How to abuse freelancers
Posted June 17, 2016on:
I suspect that there is an unofficial manual that people refer to when working with freelance workers and consultants. Why else would this growing group of next generation workers face the same problems?
I have been an independent consultant for almost two years and experienced my fair share of these problems. I highlight three awful practices and imagine how they might be written in a manual.
Hide behind policy
Imagine that dispensing allocated funds is like handling highly unstable radioactive isotopes. We have policies in place to protect you.
If we tell you to get three quotes and go for the lowest quote, do it. Do what you can to get the three quotes even if this means misleading two eventual losers to bid. Let them waste their time so that you do not waste yours.
If you get questions from your contacts, use email delay tactics or say you are on leave. On the Internet, no one knows that you are a dog.
Dangle on communication
Just because you have email, WhatsApp, and other communication channels does not mean you must be good at using them.
In fact, stick to email because you can filter, block, or simply ignore messages. If an eager beaver replies quickly, take your time to reply. Take weeks or even months if you have to.
Be vague or ambiguous in your communication so that it sounds like you are saying something without actually saying anything.
Use a passive-aggressive tone if you feel threatened and try to sound formal with meaningless phrases like “revert back to me”, “kindly be reminded that”, or just “noted”.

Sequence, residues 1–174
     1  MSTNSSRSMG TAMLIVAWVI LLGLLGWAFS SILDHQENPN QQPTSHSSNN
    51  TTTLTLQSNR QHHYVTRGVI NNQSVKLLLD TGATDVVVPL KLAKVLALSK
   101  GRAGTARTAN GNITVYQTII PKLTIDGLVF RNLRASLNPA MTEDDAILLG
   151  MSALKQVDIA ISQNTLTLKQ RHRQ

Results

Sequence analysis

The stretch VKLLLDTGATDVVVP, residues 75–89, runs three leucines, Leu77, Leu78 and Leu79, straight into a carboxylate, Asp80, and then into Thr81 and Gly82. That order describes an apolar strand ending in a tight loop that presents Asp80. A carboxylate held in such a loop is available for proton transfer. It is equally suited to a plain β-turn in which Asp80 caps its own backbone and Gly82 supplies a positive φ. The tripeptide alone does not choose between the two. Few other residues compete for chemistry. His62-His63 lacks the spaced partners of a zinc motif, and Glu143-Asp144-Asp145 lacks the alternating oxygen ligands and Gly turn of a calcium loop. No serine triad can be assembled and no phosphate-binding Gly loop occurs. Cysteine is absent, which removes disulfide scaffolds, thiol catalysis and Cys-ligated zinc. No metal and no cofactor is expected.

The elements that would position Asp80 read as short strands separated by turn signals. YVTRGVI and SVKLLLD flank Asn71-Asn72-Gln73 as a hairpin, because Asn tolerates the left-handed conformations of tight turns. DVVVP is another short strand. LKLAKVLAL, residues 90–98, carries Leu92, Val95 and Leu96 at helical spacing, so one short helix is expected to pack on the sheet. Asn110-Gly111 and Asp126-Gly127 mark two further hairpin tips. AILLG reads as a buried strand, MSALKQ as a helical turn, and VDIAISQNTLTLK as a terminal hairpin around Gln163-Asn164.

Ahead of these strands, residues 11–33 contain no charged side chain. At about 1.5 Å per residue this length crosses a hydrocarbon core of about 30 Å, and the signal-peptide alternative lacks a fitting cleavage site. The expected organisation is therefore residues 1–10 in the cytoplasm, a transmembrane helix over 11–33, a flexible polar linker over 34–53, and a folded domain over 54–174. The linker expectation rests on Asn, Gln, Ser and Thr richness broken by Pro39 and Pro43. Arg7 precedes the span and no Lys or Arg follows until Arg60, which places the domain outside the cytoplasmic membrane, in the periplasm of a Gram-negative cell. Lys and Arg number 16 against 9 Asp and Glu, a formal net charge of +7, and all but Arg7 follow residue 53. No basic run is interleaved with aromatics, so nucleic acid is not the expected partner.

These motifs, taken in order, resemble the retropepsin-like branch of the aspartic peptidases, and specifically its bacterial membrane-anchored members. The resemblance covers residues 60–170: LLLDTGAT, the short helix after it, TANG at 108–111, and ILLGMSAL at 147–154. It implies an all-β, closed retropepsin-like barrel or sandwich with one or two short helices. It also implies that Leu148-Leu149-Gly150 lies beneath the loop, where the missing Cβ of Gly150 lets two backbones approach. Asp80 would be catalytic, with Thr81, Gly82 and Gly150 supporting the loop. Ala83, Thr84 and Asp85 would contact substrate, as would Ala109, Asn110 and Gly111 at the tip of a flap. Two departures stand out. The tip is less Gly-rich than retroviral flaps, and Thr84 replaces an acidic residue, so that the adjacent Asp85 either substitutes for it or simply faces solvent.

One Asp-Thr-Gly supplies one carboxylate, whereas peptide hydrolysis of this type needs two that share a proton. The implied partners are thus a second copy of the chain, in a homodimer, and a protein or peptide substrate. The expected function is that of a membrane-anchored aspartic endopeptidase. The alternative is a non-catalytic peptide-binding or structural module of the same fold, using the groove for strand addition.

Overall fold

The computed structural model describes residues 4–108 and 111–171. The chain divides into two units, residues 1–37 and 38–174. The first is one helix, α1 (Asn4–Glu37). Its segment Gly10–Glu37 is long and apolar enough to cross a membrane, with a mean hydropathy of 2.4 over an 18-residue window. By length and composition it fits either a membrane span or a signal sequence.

Practice the art of tai-chi (shifting responsibility to others) when it is clearly your fault. Do not care, do not take notes or follow up, do not mark your calendar.
Do not pay on time
If freelancers do not ensure that there is a work contract, make sure they do not get paid on time. If you find loopholes in financial policies or are prone to human error, do not pay them at all.
Even if they do things by the book and get contracts or appointment letters, cite some quirky HR or Finance policies of treating non full-time workers differently. Throw your hands in the air for dramatic effect.
When it is time to pay, do so grudgingly. Pay them only at the end of a work cycle. If the work starts in August and ends in October, make them feel lucky to be paid in November. If you are a true master, you might stretch payment to December so you can say “Merry Christmas!” and sound like you mean it.
Take care of your loyal staff by letting them go on leave. Either make sure there is no one else to ensure payment or get a stand-in who does not know or care. This is a sure-fire way of delaying payment even though there is no need to.
Another time-honoured practice is to use cheques and snail mail. Both involve a lot of paper that needs to be shuffled around and can conveniently get lost.
Remember that those people chose that life. They chose to do everything themselves instead of being taken care of.
We get our pay every month with employer CPF, and medical and other benefits. Our taxes and deductions are handled automatically for us. Our bonuses, while variable, are as assured as our iron rice bowls.
They have given that up for more independence and freedom. Being independent means suffering the consequences, not just enjoying the benefits. Make them suffer!